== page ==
For me, it’s interesting to reminisce and compare that very first car to many of the models we see today.
As the CEO of DOMO, I am privileged enough to see firsthand how automotive technologies and developments are continuing to gather pace. What seemed impossible a mere two decades ago is now reality, with driverless technology and electric vehicles already beginning to cement their reputation as the future of road transport.
The latter – emobility – is a particular area of focus for us right now here at DOMO. It’s a major current trend.
Indeed, the UK recently stated that it would ban the sale of new petrol and diesel cars – including hybrids – from 2030, and my team and I have watched as other countries have begun to follow suit, implementing similarly transformative policies.
At DOMO, we are aware that in order for these policies to be met, significant changes and progress will have to be made behind the scenes. It’s not simply a case of swapping fossil fuels for electricity – for electric vehicles to truly work in an optimal manner, every material and every automotive component will need to be fine-tuned in order to deliver maximum performance.
For us here at DOMO, a large part of our contributions in the automotive arena are focused on the research and development of cutting-edge polyamides.
September is the month of mobility for DOMO. We have been participating in several key mobility events, including the IAA Mobility 2021 which explored the digital and climate-neutral mobility of the future and our next webinar is also about how polyamide engineered materials are essential solutions in today’s e-mobility industry.
I’m proud to say that we’re leading the charge in the development of light, tough, attractive and environmentally friendly engineering plastics that are quickly becoming recognized as an ideal solution for pioneering electric vehicle manufacturers.
Much of this comes down to the superior properties of polyamides.
Meeting the demand from DOMO’s customers for lightweight solutions, materials, products and components, for example, is key. That’s why our R&D team work tirelessly in order to deliver cutting-edge solutions that match these needs.
By using polyamide-based components instead of metal alternatives, weight can be reduced and fuel efficiency boosted, ensuring electric vehicles use less energy and are therefore able to run for longer. It’s a win-win – the environment benefits from reduced energy consumption, and the consumer enjoys improved convenience.
This is just one example of the many benefits of polyamides. At DOMO, we’re continually unlocking the multiple advantages that such materials have over metals, be it weight, heat resistance, durability and strength, noise attenuation, vibration dampening or others.
Our product ranges also use a range of recycle materials, and I’m pleased to say that we will be increasing the proportion of those products made by recycled materials, with internal targets for 2030. This will not only enhance our own sustainability agenda but align with those of major OEMs.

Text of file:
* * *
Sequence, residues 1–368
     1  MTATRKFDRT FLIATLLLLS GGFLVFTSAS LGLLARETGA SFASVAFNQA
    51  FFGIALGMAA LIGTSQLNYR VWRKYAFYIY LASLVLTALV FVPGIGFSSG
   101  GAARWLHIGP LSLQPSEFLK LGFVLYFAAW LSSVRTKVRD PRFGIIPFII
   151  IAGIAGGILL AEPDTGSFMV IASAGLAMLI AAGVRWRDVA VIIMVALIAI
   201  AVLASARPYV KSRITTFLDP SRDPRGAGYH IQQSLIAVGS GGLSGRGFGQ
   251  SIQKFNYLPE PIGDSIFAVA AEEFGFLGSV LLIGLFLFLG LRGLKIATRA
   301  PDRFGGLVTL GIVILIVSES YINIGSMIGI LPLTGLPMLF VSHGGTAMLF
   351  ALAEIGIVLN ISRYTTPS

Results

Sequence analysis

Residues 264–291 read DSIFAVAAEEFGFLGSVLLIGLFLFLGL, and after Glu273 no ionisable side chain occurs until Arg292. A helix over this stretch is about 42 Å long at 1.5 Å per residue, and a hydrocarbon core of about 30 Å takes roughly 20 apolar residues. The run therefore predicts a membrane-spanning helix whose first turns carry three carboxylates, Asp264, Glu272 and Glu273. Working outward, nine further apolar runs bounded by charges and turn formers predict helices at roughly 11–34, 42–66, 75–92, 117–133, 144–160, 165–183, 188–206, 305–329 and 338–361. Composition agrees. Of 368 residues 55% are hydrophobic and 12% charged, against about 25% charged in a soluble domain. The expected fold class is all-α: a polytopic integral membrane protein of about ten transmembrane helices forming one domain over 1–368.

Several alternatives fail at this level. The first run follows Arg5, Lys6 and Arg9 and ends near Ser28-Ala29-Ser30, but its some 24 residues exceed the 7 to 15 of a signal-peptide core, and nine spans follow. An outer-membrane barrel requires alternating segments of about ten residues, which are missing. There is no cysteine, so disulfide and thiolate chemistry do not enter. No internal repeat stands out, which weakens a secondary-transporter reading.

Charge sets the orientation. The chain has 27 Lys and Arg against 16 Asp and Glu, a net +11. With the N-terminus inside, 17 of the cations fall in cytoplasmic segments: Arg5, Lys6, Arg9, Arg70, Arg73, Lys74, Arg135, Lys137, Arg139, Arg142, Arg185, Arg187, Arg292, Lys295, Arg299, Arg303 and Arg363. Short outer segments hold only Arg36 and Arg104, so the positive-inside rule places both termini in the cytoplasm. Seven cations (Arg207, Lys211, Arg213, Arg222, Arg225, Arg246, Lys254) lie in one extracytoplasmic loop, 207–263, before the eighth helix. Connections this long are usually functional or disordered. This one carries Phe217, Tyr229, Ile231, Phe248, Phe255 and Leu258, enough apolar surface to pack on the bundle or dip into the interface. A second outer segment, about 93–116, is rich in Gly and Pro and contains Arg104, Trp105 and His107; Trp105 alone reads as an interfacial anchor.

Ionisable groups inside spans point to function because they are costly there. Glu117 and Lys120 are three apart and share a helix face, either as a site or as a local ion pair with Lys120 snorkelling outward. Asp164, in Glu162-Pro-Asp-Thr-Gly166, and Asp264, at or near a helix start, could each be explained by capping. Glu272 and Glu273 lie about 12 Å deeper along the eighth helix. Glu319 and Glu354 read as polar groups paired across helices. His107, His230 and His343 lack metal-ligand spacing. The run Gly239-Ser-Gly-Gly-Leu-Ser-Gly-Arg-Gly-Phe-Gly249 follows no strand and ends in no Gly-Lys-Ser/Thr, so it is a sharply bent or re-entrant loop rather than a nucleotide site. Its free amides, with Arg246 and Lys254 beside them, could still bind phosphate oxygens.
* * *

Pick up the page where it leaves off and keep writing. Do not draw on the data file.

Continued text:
We’re proud of our ability to adapt our products in a bespoke manner. And such properties will ensure these components have a key role to play in this all-important market segment for many years to come.
Our research and development department here at DOMO continues to break new ground, uncovering new ways in which the highly advantageous capabilities of polyamides can be applied to components of all varieties and improve overall vehicle performance.
Today, we’re helping companies through a variety of activities, replacing metal in truck side fairing support, automotive air duct mounting brackets and outboard engines covers, for example.
Here, the use of polyamides allows us to simplify the design, reduce the number of parts and enables the molding of one single plastic application, with no assembling and post treatment procedures required. The final products are also lighter, but all mechanical properties are retained.
Today, air intake manifolds often incorporate polyamides to reduce weight, achieve higher fuel efficiency and cut costs. They’re also suited to use in engine covers, allowing for thinner walled designs and enhanced appearance as well as better durability over length of life thanks to sustained strength and stiffness.
In my eyes, polyamides, much like electric vehicles, have a bright future. Airbag containers, powertrain components, door handles, exterior mirrors, grilles, wheel covers, fuel caps – the possibilities of application are extensive, and the desirable properties they harbor ensure relevancy.
Automotive is, and will continue to be, a key industry for DOMO for many years to come.
We will continue to work on innovative and sustainable solutions for our customers. The adage of enjoying a challenge is ingrained in culture – that’s why we continue to break new ground and unlock new possibilities.